In my day job we recently finished a performance testing session and had some interesting insights that I’d like to share here. To set the scope for this article I’m using Grig Gheorghiu’s definition of load vs performance vs stress testing. Basically performance testing is done to make sure you achieve the performance figures that business wants - e.g. a throughput of 10k per minute for a certain entity. In the process you will find out what your biggest bottlenecks are and hopefully eliminate them to finally meet or overachieve your requirements.
Our application is picking up events from a database table, fetches some data from other tables and sends out a soap web service request to a third party. We use the java executor framework to get a threadpool for these event workers and played with the threadpool size to find out how our application scales up. To get the timings of the individual components (and thereby identify bottlenecks) we used JETM. You can plug it into your application and see invocations, average execution etc. in a nice web console. To focus the test on our own application we set up a little mock web service that emulates the third party service.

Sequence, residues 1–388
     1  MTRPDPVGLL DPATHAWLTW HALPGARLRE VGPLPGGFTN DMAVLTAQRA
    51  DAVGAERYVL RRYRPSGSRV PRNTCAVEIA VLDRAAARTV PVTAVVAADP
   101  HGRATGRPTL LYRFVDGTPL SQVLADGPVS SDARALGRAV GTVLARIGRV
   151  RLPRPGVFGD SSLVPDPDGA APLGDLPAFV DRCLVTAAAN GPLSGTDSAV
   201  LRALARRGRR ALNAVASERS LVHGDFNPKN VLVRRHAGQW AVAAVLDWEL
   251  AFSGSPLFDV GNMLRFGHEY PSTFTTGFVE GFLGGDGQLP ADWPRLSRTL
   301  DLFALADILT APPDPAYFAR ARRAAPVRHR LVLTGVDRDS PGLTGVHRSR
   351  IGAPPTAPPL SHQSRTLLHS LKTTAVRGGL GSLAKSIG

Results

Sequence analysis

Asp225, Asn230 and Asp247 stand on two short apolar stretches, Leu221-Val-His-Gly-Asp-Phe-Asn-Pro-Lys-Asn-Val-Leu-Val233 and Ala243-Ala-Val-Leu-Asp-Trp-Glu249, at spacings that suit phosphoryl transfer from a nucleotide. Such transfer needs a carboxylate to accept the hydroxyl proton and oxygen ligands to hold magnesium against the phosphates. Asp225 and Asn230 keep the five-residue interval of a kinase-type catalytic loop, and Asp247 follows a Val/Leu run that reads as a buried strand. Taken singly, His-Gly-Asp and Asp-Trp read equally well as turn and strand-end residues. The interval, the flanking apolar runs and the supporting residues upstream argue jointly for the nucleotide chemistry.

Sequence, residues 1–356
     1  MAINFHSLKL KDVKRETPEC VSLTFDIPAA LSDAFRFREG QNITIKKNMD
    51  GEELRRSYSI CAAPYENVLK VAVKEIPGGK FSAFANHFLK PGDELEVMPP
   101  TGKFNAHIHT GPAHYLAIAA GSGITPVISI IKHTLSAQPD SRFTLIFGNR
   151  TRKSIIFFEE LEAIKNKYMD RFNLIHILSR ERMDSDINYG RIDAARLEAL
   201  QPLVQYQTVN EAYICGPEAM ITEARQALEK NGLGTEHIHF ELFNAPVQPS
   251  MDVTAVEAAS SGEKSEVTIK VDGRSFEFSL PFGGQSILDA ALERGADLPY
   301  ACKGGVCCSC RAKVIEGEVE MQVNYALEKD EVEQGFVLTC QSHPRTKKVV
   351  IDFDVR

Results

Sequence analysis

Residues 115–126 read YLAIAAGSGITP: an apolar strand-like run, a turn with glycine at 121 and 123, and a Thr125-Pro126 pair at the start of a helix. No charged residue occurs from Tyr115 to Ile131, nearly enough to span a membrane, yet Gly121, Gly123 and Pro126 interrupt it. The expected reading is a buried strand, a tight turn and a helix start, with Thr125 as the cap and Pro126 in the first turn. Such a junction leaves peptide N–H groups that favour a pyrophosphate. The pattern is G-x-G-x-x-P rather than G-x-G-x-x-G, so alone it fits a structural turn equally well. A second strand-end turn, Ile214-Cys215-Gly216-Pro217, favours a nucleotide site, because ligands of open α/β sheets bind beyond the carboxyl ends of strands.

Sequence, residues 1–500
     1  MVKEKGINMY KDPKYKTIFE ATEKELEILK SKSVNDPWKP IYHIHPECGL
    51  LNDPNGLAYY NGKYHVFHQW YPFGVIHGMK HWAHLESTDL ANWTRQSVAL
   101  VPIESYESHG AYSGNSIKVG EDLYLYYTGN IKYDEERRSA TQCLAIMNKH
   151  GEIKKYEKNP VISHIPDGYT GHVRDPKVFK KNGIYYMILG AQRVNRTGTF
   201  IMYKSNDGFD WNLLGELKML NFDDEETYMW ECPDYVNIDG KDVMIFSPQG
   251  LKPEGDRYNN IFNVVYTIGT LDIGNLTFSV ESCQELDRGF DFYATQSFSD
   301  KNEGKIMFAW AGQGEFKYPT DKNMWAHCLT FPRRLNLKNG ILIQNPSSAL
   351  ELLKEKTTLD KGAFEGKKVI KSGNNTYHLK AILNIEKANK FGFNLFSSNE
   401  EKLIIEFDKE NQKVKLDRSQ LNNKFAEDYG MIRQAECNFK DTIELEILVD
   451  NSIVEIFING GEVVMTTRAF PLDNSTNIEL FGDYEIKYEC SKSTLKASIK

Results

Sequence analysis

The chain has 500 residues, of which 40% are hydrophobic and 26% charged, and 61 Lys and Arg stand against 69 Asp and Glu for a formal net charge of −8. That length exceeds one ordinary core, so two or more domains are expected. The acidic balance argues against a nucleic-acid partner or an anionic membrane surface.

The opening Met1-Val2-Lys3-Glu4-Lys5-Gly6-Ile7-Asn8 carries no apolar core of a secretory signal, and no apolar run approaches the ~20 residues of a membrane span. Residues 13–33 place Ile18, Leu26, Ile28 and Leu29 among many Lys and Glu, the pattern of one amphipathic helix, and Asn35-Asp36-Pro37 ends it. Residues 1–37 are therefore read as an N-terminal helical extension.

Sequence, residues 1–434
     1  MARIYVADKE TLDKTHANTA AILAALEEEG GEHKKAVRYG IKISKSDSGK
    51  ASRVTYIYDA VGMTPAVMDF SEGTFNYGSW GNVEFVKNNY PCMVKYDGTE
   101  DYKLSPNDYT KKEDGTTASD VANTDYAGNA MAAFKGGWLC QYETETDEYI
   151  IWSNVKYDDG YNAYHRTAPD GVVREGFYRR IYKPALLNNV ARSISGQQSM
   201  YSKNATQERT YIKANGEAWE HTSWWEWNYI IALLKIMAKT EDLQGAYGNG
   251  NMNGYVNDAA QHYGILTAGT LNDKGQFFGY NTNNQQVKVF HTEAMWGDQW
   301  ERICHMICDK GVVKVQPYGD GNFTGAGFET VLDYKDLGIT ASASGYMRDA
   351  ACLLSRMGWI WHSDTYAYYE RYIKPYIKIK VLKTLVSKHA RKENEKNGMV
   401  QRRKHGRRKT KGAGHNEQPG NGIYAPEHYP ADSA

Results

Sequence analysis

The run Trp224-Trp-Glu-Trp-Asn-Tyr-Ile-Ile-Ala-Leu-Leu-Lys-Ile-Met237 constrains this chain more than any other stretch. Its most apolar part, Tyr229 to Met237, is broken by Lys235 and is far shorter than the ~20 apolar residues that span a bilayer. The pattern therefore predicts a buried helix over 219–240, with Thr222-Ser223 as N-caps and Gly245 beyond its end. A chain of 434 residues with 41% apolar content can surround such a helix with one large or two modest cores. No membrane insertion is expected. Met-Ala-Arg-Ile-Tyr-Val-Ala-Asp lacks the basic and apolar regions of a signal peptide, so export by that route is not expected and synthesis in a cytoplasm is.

- JVM 1.6.0
- Oracle 10g
- JPA with Hibernate as persistence provider
- JBoss 4.2.3-GA
- JAX-WS RI 2.1.4
- JAXB RI 2.1.9
- WSIT 1.3.1
First test iterations: fun with JaxWS
In the first run it quickly became obvious that we had a major bottleneck that made it impossible for us to achieve the required throughput. Using VisualVM it didn’t take long to identify the initialisation of the JaxWS service port as the culprit. That class basically just holds some meta information about the service in order to call it correctly (e.g. security policies). Turns out it’s a really bad idea to create a new instance for every request, as JaxWS will go out and fetch the WSDL from the remote service every single time. The obvious solution is to cache the instance and share it among the event worker threads. However old versions of JaxWS were not thread safe and it is still in the dark when and where this was fixed. To be on the safe side we performed some massive loads and checked that all generated messages were schema compliant.
Cleaning up our own backyard: JPA query optimisation